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So, you want to Stop Playing the Accordion. That's understandable - if you want to pick up members of the opposite sex, you need to have both hands free in order to lift them safely. The first thing you must realise is that in order to stop playing the accordion, you must first start playing the accordion. Please note that this is not a euphemism, so put that thing back in your pants and listen good. Or read good, unless you have that text-to-speech stuff. In which case, listen good.
Step 1: Acquiring an Accordion
Accordions can be quite daunting for a first time user, with the many options . We'll go through a few of the basic types.
Acoustic accordions can be found in most good music stores, some neutral ones, but are relatively rare in evil music stores. They can weigh anything from 5 grams to 27 kilotons, with the most common falling more towards the lighter end of the scale. The best acoustic accordions can be identified as having:
- A firm, supple squeezebox
- Pert, pouty keys
- Less than three bullet-holes
Although providing a harsher, more vibrato sound, electronic accordions have found popularity amongst younger players due to their lighter weight, wider range, and faster reloading. They tend to be more expensive, with the more popular brands being available through Target and Borders. The most well-known brand is the Apple iCcordion. Some important safety tips for using electronic accordions:
- Do not use if cord is frayed
- Do not use in damp conditions unless properly insulated
- Do not use while juggling chainsaws
- Do not use while inside a nuclear furnace
Steam-powered accordions tend to be popular with the latte-drinking poetry-reading beret-wearing set, ever since they were used in the storming of the Bastille. They are crass, useless things which tend to damage everything and everyone around them, and so are the accordions. The mechanism for powering them gives them a thin, reedy tone, not unlike scraping an axe down a chalkboard. They can be found lying on street corners near coffee bars, and should only be used by trained professionals or complete amateurs.
Free-standing accordions are better known as Grand Pianos, and are banned in most countries due to the danger of them crushing people when pushed off the top of stairs. They can be purchased via eBay, but make sure you have a license before purchasing one unless living in the country of Hasslehoff. Grand pianos have a loud, rumbling tone, followed by a wet squelch and a lawsuit.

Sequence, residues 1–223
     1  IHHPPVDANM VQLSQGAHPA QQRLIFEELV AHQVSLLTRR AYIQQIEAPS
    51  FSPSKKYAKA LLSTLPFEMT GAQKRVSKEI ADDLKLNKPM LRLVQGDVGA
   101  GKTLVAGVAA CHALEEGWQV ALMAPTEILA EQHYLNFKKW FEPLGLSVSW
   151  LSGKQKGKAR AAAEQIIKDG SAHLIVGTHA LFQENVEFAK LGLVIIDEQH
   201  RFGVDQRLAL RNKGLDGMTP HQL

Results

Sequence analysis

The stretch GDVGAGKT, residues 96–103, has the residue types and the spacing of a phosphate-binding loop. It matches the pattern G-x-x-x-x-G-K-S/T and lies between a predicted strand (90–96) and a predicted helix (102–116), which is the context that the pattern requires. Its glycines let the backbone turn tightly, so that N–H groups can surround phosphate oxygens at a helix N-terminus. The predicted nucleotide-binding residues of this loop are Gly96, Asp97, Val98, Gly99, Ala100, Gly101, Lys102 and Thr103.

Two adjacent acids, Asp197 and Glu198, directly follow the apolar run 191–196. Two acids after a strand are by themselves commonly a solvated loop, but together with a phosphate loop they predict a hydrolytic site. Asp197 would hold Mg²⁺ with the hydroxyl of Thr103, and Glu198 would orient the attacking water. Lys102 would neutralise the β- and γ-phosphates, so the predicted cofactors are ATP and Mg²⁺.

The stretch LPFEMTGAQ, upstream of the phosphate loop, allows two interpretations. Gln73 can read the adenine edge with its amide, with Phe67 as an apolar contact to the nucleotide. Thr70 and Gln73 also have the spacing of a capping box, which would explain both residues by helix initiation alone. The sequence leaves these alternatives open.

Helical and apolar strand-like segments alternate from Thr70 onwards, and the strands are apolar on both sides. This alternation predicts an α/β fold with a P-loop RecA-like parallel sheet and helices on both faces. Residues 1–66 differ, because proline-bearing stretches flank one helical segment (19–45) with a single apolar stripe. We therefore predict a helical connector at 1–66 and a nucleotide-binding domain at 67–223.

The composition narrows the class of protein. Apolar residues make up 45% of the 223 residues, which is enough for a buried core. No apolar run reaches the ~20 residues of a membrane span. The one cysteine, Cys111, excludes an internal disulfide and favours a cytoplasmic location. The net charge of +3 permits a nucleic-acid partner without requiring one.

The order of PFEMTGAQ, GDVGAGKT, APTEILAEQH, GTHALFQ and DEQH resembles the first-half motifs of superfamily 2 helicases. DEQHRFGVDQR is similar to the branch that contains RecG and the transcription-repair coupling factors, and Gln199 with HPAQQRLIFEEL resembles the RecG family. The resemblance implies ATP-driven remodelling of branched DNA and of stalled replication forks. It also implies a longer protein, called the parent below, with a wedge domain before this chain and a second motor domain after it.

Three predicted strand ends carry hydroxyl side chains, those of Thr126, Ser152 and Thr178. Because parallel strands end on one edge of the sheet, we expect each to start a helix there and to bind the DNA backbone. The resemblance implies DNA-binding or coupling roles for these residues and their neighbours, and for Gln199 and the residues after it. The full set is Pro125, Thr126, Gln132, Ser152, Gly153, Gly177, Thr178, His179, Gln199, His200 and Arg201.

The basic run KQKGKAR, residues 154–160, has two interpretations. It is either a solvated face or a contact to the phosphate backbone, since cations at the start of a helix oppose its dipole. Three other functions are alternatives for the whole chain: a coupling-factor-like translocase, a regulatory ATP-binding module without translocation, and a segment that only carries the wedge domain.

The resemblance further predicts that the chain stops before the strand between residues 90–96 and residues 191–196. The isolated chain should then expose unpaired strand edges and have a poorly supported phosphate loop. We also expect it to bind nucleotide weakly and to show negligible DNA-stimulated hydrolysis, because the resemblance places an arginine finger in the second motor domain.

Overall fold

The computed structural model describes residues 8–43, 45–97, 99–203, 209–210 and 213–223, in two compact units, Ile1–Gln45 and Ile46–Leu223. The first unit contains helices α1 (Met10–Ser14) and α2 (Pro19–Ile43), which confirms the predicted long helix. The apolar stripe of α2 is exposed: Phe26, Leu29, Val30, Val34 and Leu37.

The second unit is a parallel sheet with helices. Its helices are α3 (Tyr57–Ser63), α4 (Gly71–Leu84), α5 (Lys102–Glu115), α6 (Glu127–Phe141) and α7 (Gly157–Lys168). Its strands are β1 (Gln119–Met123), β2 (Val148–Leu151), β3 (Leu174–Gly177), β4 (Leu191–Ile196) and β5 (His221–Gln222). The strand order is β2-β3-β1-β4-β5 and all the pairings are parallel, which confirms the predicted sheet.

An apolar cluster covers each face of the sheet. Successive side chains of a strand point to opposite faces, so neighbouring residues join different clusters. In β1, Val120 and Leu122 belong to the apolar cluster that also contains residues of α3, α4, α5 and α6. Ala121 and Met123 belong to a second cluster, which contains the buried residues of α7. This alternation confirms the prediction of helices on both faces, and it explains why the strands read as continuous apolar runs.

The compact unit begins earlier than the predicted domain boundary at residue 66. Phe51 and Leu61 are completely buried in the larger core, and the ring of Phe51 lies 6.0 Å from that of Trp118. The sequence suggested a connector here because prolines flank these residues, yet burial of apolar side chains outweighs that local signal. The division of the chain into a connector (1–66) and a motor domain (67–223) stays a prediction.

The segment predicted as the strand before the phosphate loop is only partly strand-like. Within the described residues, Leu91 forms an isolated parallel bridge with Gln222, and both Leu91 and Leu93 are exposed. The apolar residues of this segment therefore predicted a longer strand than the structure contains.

Step 2: Playing the Accordion
Now that you've obtained your accordion, it's time to start playing it! You'll be the envy of all of your friends, if you have any. If not, would you like to be my friend? I'm a 12 year old girl living in - er, anyway, playing the accordion. Yes. Read on! And any FBI agents, could you just pretend that last sentence didn't exist?
Learning to Play
Several schools that teach a wide range of popular instruments exist worldwide to help you develop the skills necessary to tackle high-level accordion playing. Online guilds in City of Heroes can point you in the right direction, and several ex-Zune salesmen have turned to accordion teaching in order to offset hideous losses and scarring.
It can take many years of hard training to become an expert accordion player, and not every person has the drive and stamina to see it through to the bitter end. However, those that do finally reach the lofty rank of Black Neckstrap will know that they are members of a proud, select few that can truly call themselves anal retentive.
Finding Safe Places to Play
Accordions have been strictly regulated in every civilised country in the world, leaving only a few countries such as Australia, France and the USA to allow unlicensed accordion playing. Underground accordion clubs exist in many cities, and can be recognised by the large, fat mimes who act as bouncers.
Some well-known accordion-haunts include:
- The Luxembourg Inn, Düsseldorf
- The Düsseldorf Inn, Luxembourg
- The Cranky Swallow, London
- Bastard's Bar and Grill, Sydney
- Nerds'R'Us, Redmond
Step 3: Stop Playing the Accordion
Set the damn thing on fire.